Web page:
Michael Cumming-Bruce is a senior associate and solicitor advocate at law firm Cooke, Young and Keidan, specialising in commercial dispute resolution. He is particularly experienced in acting on financial services disputes, breach of fiduciary duty claims and claims relating to contractual interpretation.
The cryptoasset industry has been much in the spotlight recently, often for all the wrong reasons. It was reported by the Financial Times on 7 October 2019 that the FCA is investigating 87 firms in the cryptocurrency space, representing a 74% increase on the number investigations it carried out in the sector in 2018. To underline the message that the regulator is keen to take a tougher line, on 1 November 2019, the FCA published a consultation paper which proposed a requirement for cryptoasset businesses to register with it by 10 January 2020. Businesses liable to be affected by these proposals include cryptoasset exchange providers, wallet providers and businesses contemplating initial coin offerings.
The driving force behind this increased scrutiny is no secret. There have been a large number of reported scams in this sector, many of them high profile and often targeting retail investors with non-standard marketing practices such as celebrity endorsements on social media. By some reports, US$4.26bn of cryptocurrency was stolen worldwide in the first two quarters of 2019. The upshot is that the sector has attracted a notorious reputation for fraud. To take two high-profile recent examples, in December 2018 the founder of QuadrigaCX, Canada's largest cryptocurrency exchange, died unexpectedly without leaving any record of the password to the offline device in which approximately US$190mn of customer money was allegedly held.
A similar disappearing act was performed by the founder of OneCoin, Ruja Ignatova, in 2017, in a Ponzi scheme fraud publicised in a popular BBC podcast series ‘The Missing Crypto Queen’. In addition to such headline-grabbing rackets, in the past year approximately 1,800 scams in the sector were reported to the FCA, who were separately moved in July 2019 to propose a ban on cryptoasset derivatives, due to concerns that financial products of undiscernible value were being marketed to unsophisticated investors. It is telling that the recent proposal for FCA regulation of cryptoasset businesses was prompted by a UK government paper which highlighted evidence of “increased risks from the use of cryptoassets for illicit activity, as well as risks to consumers and markets”.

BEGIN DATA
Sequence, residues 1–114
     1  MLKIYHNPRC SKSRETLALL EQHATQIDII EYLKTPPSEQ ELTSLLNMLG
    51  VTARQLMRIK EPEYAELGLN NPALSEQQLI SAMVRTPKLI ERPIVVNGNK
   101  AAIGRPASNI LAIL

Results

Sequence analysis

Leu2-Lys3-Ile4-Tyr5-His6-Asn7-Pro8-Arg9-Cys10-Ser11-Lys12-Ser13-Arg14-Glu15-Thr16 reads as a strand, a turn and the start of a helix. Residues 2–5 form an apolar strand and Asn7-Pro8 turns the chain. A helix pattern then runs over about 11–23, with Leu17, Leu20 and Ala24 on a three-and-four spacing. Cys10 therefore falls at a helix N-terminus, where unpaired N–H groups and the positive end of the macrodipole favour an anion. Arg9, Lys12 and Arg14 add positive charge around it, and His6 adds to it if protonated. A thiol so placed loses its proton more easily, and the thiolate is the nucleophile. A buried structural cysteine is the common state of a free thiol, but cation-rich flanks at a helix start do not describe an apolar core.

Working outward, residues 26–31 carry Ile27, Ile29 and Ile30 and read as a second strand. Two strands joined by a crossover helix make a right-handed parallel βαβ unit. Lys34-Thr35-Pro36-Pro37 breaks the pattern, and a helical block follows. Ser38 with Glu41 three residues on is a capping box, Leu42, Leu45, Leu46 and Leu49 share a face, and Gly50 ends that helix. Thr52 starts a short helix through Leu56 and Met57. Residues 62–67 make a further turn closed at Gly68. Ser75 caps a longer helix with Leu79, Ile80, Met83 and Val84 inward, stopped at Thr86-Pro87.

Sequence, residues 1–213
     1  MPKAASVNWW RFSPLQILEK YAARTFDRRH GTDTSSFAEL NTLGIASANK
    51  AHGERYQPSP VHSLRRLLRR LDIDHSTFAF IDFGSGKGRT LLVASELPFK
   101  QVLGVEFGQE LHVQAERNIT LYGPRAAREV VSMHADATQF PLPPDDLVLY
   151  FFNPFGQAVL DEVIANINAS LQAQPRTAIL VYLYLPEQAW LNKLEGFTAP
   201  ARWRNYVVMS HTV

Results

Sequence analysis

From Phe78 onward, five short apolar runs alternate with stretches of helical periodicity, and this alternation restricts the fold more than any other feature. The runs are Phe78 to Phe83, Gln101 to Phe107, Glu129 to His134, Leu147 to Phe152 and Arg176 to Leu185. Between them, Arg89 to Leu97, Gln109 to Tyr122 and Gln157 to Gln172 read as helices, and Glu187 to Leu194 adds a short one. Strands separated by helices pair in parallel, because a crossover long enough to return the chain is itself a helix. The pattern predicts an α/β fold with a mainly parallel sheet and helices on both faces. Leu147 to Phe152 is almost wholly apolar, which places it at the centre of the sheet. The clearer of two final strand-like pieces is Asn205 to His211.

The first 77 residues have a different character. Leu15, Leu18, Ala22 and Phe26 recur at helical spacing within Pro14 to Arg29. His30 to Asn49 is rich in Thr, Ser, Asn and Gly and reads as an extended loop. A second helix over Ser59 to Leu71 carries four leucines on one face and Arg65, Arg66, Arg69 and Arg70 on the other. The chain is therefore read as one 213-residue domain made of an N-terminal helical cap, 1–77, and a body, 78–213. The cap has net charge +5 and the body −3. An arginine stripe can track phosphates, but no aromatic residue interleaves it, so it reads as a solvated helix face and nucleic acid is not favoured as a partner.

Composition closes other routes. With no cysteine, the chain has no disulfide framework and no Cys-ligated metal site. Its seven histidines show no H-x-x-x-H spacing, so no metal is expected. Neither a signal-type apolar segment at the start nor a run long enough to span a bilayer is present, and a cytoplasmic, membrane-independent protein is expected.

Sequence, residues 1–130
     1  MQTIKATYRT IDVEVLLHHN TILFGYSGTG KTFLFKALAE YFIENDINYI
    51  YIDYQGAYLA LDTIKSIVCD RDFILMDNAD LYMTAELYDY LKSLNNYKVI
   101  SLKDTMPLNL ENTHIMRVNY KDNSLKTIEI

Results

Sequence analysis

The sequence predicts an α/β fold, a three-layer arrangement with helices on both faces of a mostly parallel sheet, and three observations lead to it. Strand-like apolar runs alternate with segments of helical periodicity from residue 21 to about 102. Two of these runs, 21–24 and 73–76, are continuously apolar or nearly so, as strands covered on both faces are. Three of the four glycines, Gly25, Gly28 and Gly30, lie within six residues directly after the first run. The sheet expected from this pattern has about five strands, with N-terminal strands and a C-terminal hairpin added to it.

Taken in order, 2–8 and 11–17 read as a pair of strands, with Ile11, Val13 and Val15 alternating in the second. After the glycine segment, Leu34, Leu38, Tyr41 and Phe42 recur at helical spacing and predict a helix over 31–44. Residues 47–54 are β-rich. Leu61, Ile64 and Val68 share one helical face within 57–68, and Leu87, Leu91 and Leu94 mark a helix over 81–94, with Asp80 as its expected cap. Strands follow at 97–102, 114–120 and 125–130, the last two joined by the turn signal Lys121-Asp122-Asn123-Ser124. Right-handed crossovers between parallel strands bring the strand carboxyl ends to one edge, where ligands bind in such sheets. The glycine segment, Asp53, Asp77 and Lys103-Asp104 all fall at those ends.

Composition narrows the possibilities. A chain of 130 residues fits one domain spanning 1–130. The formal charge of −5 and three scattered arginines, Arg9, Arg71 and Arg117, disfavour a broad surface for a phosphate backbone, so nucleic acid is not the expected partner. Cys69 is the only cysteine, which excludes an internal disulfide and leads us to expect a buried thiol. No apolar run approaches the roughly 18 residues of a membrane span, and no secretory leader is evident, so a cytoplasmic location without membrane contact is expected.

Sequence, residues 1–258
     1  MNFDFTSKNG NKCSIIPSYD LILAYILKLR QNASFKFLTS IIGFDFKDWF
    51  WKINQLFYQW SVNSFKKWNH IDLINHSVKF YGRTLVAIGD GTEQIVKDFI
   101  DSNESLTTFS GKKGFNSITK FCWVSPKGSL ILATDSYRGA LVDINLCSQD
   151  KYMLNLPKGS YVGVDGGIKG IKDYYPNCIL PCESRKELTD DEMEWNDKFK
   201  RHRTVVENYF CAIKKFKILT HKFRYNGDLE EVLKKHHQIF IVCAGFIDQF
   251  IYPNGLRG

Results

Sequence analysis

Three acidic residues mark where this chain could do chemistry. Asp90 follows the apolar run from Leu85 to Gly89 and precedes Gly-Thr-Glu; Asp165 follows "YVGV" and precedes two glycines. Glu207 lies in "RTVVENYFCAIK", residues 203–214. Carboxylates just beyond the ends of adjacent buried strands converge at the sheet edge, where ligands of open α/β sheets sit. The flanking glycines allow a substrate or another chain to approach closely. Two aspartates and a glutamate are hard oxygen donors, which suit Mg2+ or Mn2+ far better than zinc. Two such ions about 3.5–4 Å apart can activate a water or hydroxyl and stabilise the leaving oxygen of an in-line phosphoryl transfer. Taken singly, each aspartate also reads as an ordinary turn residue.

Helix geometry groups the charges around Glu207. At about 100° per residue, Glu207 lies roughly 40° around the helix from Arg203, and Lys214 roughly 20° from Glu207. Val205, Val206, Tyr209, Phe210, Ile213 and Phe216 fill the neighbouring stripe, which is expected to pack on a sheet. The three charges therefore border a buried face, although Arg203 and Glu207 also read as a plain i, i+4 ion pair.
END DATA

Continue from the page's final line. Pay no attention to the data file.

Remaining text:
The upshot of all of these scandals is that, in the eyes of many, the cryptoasset sector has become associated with, at best, sharp business practice and at worst, organised crime. This is a lamentably long way from cryptoasset sector founder Satoshi Nakamoto’s vision of a currency system that replaced the need for trust in financial institutions with an immutable ledger protecting parties from fraud. The danger is that cryptocurrency, founded on a desire to avoid the oversight of allegedly self-dealing institutions and governments and with a bracing disregard for national legal systems, may have become a victim of the freedoms that it offered. Despite this, however, the sector may have found help from the unlikely sources of regulation and law.
On 18 November 2019, the UK Jurisdiction Taskforce (a government commissioned analysis by leading members of the legal profession) published their ‘Legal statement on cryptoassets and smart contracts". This concluded that cryptoassets have all of the indicia of legal property. Assuming the courts agree with this analysis (which remains to be seen), it may have a number of potentially important consequences for the UK cryptoasset industry. These include clarifying that cryptoassets are not pure information (which the English courts are typically reluctant to treat as property) and, crucially, can be sued for and transferred in the same way as more conventional property. In the foreword, the Chancellor of the High Court expressed his hope that the Statement would “go a long way towards providing much needed market confidence, legal certainty and predictability in areas that are of great importance to the technological and legal communities and to the global financial services industry”. It is also reasonable to think that a requirement for cryptoasset businesses to be FCA regulated has potential to curb the most damaging excesses in the sector and, over time, lead to a normalisation of cryptoassets as an accepted class of financial asset.
Taken in the round, the direction of travel from both a regulatory and a legal perspective in the UK appears to be towards treating cryptoassets as regular, regulated financial assets. While many of the headlines that have announced these developments have been embarrassing for the industry, the high-level picture appears to be more positive. The desire to clean up the industry and prosecute those who have been involved in fraud against the public reflects, to some extent, the significant appetite among the UK public for cryptoassets (without which there would be no market for fraud or need for the FCA to involve itself). Assuming that appetite remains, once the bad apples have been removed and the legal status of cryptoassets fully clarified, those operating in the sector legitimately may be able to enjoy the opportunities that greater investor confidence bring with them.
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